This week I attended a Women in Banking conference in Indiana and was reminded of this not -so-fun-fact – most women will not apply for the next level position unless they are 100% qualified.
It had me reflecting back to this summer when we had to push for our daughter to be allowed to take honors Geometry.
I considered the belief she had in her abilities, even as she knew she had done poorly on the placement test, and the trust she had in her past teachers who had recommended her in the first place.
The confidence she showed when she had to go against the advice of authority figures, who advocated for a different, easier, path.
And the strength she had when asked to sign a document acknowledging that it was highly likely she was going to fail. And be miserable.
With the grades from the first term now in the books, I am thrilled to say that she did great, receiving an A.
It was not easy. At the beginning of the term, she struggled with the curriculum, and the workload. She failed her first test. And she had to confess to her teacher that there were some things she just had not learned the year before.
But she asked for, and received, help. She learned to breathe deep and to manage her work. She didn’t let singular failures throw her and instead remained focused on the big picture (which included the knowledge that her lowest grade would be dropped).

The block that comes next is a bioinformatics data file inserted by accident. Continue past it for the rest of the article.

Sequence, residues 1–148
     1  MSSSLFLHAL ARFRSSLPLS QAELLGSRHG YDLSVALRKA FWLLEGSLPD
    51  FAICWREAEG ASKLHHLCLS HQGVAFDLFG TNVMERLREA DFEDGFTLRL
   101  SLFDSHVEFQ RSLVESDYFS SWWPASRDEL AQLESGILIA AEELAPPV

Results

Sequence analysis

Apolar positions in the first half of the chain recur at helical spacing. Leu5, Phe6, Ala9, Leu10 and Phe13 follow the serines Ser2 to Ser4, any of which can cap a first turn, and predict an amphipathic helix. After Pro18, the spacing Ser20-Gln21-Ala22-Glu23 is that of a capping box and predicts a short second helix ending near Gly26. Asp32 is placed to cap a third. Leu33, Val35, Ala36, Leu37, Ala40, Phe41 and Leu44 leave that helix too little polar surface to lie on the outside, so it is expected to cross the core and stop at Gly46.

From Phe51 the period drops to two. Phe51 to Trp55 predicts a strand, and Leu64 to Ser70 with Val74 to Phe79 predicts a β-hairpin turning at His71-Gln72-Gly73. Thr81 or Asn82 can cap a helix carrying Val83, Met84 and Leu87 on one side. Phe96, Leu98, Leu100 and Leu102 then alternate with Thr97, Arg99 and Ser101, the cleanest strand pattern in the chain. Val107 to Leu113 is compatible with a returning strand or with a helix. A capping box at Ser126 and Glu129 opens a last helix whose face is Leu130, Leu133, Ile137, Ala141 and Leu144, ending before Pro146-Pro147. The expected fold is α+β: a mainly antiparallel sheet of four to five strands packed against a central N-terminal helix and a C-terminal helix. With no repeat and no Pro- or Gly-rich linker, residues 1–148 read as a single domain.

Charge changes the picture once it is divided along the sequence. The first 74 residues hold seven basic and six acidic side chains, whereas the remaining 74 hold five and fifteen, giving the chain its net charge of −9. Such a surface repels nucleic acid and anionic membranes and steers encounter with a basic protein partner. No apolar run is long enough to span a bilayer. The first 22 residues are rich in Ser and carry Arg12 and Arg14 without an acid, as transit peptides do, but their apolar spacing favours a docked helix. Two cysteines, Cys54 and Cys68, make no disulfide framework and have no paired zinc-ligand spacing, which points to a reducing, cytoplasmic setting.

Early in the semester, during a routine meeting with her teacher, we talked about the gaps in her knowledge. Even knowing what our girl didn’t know, her teacher reassured me she was in the right place.
I wonder if the teacher realizes how close she was to receiving a bear hug.
I know it could have gone the other way, and still could. I know she could have crashed and burned, and still could.
But at the conference, as I reflected upon the facts about women and promotion, I found myself hoping that our daughter would look back at that moment this summer when she made a decision knowing she could fail.
And instead, she flew.
One thought on “And so she flew”
This is so powerful for all of us to hear. A big take away for me is not to let singular failures throw you and instead remained focused. Kudos to you for believing in your daughter – and her belief in herself!
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